DKDP (Potassium Dideuterium Phosphate) is a nonlinear crystal that is commonly used in laser technology for frequency conversion. DKDP has a high nonlinear coefficient and a wide transparency range, making it a good material for second harmonic generation (SHG), sum frequency generation (SFG), and difference frequency generation (DFG).
In SHG, the frequency of a laser beam is doubled by passing it through a DKDP crystal. This process is used to generate light in the ultraviolet range, which is useful in applications such as fluorescence microscopy and laser spectroscopy.
SFG involves combining two laser beams of different wavelengths to create a new beam with a frequency equal to the sum of the input frequencies. DKDP is often used as the nonlinear crystal in SFG because of its high efficiency and low absorption. SFG is used in a range of applications, including in Raman spectroscopy and in the production of visible and ultraviolet light.
DFG produces a new frequency that is equal to the difference between two input frequencies. DKDP can be used in DFG to generate tunable infrared radiation, which has applications in spectroscopy, sensing, and imaging.
DKDP is also used in electro-optic modulators, which are devices that change the polarization of light in response to an electric field. DKDP has a high electro-optic coefficient, which makes it a good choice for these applications.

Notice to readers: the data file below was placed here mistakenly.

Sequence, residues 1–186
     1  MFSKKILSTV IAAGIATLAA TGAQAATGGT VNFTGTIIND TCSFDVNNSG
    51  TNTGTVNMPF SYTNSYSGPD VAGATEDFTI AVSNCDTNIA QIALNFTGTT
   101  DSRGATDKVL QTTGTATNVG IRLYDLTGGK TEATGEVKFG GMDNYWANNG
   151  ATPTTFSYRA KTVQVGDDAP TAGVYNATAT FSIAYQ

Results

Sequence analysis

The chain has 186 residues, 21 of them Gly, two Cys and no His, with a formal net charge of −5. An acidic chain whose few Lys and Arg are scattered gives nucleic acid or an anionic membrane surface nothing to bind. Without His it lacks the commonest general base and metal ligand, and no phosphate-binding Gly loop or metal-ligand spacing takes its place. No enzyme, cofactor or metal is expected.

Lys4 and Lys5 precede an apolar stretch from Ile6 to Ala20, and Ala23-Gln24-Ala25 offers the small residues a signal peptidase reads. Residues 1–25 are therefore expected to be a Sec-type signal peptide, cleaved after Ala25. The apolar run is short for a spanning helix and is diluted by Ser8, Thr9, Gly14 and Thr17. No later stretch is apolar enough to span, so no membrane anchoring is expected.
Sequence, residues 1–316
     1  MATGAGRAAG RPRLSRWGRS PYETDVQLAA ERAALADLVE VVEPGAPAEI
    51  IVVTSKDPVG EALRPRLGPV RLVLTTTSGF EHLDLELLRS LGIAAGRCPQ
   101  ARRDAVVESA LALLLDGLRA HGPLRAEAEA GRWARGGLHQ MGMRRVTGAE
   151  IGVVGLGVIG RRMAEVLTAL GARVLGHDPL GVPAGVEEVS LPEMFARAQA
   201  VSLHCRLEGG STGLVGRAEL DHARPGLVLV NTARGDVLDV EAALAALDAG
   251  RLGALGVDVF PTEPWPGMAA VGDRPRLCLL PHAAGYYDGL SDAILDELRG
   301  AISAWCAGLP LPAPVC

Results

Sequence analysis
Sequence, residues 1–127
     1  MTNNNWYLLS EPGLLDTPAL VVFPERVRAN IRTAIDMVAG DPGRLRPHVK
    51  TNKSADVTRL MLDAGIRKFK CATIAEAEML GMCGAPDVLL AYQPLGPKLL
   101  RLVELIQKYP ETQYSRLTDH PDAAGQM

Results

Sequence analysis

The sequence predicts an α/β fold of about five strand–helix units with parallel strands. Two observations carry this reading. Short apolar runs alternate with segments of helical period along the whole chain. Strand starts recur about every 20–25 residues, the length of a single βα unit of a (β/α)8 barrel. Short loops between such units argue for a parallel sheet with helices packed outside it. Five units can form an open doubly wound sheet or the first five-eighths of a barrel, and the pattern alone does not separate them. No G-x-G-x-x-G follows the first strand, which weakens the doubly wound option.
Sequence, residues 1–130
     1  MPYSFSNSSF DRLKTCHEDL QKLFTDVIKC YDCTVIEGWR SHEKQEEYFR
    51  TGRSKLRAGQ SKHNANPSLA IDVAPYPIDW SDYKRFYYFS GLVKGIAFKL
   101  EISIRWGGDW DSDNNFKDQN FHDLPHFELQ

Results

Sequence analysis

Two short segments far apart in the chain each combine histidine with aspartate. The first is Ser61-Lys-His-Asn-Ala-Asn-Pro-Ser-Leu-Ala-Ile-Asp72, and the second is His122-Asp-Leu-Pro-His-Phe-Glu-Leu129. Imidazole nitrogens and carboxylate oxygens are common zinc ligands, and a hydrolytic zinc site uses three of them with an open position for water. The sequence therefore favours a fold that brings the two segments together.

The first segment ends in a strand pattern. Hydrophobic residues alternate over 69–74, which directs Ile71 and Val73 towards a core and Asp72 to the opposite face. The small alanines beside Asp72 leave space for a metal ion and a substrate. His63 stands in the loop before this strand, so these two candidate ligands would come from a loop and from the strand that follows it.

One advantage of DKDP is its relatively high damage threshold, which makes it suitable for high-power laser applications. However, DKDP is hygroscopic and can absorb moisture from the air, which can affect its performance. Careful handling and storage are required to maintain the crystal's quality.
|Transparency range, µm||0.2 - 2.1|
|Lattice parameters, Å||a=b=7.469; c=6.976|
|Refractive index at 407.8 nm :||no=1.5185; ne=1.4772|
|at 632.8 nm||no=1.5044; ne=1.4656 (at 623.4 nm)|
|at 1064 nm||no=1.4948; ne=1.4554|
|Non-linear coefficient at 1.064 µm, pm/V||d36 = 0.37|
|Optical damage threshold, MW/cm2||>100 (1064 nm, 20 ns)|